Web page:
RWE plays catch-up with renewables split


December 7, 2015

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We have not always had much time for Europe’s big utilities. Most have been slow to adapt to the growing importance of renewables in the energy mix, and preferred to sit on the sidelines complaining about how bad the changes were for their fossil fuels assets.

But we are always happy for a company to change strategy and challenge our views. We were positive when German giant E.On announced at the start of December 2014 that it planned to restructure in 2016 to focus its core business on renewables, including wind. And we are also positive now its big German rival RWE has set out its plans to go down a similar path.

Now, we do not believe that either is particularly happy to make their huge structural shifts. It takes a great deal of time and money to make fundamental changes like these to a large company, and they are only doing so because their hands have been forced by renewable-friendly policies in Germany and at EU level; and by their struggles raising finance as more investors shun fossil fuels.

The likes of E.On and RWE see restructuring as a way to protect their investments and raise more capital. Making these changes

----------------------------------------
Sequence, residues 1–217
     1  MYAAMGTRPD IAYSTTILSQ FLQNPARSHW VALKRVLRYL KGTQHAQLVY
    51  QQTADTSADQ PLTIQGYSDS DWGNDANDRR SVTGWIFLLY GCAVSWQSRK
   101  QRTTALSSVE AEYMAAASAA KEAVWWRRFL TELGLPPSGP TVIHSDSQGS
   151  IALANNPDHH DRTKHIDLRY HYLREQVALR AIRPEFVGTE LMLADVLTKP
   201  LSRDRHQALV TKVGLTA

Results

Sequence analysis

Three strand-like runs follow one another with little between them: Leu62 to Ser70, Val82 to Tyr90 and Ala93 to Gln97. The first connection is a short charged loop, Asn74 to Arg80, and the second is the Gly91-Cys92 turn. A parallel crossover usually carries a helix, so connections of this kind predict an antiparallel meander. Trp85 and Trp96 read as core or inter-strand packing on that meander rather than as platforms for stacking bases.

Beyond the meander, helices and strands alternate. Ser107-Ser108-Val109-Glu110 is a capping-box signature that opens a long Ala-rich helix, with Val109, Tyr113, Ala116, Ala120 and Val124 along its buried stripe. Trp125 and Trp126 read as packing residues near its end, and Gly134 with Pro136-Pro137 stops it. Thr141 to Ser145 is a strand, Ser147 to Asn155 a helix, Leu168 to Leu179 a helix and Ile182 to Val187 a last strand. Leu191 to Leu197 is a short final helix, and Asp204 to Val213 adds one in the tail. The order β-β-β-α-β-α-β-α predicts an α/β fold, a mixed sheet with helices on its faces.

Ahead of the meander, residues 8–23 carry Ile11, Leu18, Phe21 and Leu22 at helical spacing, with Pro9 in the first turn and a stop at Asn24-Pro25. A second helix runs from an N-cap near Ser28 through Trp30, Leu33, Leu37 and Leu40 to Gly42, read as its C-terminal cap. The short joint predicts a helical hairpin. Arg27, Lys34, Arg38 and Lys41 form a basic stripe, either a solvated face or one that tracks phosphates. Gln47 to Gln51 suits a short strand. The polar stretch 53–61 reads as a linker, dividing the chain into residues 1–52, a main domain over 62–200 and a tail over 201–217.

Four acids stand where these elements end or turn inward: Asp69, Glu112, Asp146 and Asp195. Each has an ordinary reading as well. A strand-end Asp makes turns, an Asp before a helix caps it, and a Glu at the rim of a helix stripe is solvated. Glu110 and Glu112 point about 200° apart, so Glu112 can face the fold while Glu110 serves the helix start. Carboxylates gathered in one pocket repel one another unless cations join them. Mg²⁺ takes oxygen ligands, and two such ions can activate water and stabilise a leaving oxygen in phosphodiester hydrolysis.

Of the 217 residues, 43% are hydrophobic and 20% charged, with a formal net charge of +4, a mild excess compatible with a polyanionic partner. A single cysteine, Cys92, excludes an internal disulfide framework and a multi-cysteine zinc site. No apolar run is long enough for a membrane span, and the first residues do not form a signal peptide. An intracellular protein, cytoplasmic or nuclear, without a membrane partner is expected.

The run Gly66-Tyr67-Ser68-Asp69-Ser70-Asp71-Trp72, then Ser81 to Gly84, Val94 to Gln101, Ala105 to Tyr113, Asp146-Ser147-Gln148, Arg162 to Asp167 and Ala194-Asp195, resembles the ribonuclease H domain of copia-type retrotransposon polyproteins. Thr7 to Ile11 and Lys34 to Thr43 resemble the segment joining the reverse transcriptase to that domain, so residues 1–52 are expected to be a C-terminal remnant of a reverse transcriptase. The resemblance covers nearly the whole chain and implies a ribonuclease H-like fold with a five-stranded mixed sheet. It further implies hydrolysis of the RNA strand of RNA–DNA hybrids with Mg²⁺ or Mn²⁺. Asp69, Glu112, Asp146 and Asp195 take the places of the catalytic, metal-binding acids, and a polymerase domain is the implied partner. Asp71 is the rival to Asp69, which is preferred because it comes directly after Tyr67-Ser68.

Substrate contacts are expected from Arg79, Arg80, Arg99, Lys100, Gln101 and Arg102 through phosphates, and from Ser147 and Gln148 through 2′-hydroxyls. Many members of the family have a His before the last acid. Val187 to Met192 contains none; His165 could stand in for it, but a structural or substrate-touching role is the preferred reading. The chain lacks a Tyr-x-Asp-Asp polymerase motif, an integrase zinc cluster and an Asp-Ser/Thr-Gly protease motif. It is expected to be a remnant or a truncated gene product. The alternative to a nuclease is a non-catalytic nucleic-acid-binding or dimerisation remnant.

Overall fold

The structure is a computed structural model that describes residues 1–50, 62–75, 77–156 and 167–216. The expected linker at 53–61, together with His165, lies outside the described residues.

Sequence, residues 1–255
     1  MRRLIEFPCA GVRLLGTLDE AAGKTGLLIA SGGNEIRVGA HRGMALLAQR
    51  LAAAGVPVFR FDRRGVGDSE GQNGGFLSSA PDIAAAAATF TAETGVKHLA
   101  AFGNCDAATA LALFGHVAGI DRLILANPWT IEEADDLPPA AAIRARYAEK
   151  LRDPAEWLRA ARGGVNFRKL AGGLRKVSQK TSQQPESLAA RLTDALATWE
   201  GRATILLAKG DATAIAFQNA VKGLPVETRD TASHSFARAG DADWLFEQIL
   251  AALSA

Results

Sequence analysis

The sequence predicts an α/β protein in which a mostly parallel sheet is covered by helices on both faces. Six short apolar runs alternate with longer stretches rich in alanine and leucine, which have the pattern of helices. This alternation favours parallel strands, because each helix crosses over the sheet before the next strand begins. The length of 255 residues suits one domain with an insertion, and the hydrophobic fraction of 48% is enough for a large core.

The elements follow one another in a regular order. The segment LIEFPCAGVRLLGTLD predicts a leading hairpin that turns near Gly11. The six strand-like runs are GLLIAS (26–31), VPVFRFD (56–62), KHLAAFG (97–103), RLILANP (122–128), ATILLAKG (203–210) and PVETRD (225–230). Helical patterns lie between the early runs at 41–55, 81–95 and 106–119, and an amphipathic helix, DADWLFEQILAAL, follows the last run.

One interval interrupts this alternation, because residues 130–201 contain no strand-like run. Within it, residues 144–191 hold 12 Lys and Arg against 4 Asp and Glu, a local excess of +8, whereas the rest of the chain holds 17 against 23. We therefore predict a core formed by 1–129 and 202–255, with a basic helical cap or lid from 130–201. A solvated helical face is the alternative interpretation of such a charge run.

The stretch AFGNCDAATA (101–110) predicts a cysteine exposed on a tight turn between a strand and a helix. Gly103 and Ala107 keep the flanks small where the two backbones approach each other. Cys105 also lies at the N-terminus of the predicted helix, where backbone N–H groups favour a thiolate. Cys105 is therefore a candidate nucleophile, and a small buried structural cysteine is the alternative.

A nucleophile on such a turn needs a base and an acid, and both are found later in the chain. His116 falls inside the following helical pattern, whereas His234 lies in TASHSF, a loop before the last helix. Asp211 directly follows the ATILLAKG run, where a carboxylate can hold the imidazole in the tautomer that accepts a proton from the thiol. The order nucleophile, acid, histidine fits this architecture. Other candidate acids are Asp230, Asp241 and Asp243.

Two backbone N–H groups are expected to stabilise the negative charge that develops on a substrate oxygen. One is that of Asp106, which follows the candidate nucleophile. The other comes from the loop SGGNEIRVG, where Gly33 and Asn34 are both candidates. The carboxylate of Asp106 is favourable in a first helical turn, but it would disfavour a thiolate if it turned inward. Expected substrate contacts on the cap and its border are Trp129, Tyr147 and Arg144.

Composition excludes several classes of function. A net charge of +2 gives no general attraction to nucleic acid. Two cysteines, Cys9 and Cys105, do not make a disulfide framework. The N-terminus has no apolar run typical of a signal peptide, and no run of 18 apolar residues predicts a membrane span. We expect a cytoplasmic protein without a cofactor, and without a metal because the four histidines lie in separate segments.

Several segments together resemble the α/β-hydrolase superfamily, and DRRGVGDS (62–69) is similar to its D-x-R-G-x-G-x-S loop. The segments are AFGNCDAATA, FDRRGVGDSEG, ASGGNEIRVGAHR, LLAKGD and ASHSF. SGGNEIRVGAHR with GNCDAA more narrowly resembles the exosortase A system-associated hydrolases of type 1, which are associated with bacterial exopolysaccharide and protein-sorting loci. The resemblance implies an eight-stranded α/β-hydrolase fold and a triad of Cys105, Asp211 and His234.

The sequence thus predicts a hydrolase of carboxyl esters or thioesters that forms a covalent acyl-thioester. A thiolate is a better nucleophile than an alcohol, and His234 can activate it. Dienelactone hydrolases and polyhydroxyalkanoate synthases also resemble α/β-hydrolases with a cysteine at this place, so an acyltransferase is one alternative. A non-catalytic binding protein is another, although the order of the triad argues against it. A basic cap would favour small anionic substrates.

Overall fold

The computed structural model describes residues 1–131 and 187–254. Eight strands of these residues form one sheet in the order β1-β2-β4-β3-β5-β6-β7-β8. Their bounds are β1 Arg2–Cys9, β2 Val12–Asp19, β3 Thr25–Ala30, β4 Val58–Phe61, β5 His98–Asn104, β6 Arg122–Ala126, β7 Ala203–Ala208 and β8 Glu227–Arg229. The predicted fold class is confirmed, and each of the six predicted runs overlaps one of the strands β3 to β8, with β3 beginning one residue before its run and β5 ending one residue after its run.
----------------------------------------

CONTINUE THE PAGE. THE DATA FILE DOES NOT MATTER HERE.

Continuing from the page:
makes business sense — and, for us, that is as good a reason as anything else for them to embrace renewables.

RWE’s announcement last week also showed major similarities with the approach taken by E.On. To re-cap, E.On is looking to leave renewables and nuclear in a firm that keeps the main E.On name, while moving fossil fuels assets into new company Uniper.

Superficially, RWE’s approach looks opposite to this, because it is putting renewables into a new subsidiary. It is keeping fossil fuels as RWE’s focus while spinning off its operations in renewables, transmission grids and retail into a new subsidiary.

It then plans to list 10% of that subsidiary on the stock market in late 2016, which it hopes will attract investors who currently avoid RWE because of its exposure to fossil fuels. On first look it might look like RWE is moving renewables away so it can sideline them.

But that is not the case, and this is no puny subsidiary. That new company will end up being around twice the size of the fossil-fuels-focused parent, with 40,000 of RWE’s 60,000 staff set to move.

It’s official presentation about the split clarifies the relationship between the two firms. The new renewables-focused company will be the platform for RWE’s future growth, while the fossil fuel assets in the main RWE business will be the back-up for renewables.

It is a proven approach. At Italian utility Enel, for instance, the growth of renewables arm Enel Green Power has been so successful that it is now set to be reintegrated into the parent firm.

And yet, we still have doubts about whether RWE can emulate this. RWE has come late to the renewables party, with only 5% of its electricity generation last year from renewables. Its planned split may bring in more investment, but it needs deep market knowledge and an entrepreneurial spirit if it is to spend it wisely.

It will also face tough competition from those with a longer track record in wind and solar. Still, if this restructuring does succeed, we will look back to December 2015 as a vital turning point.

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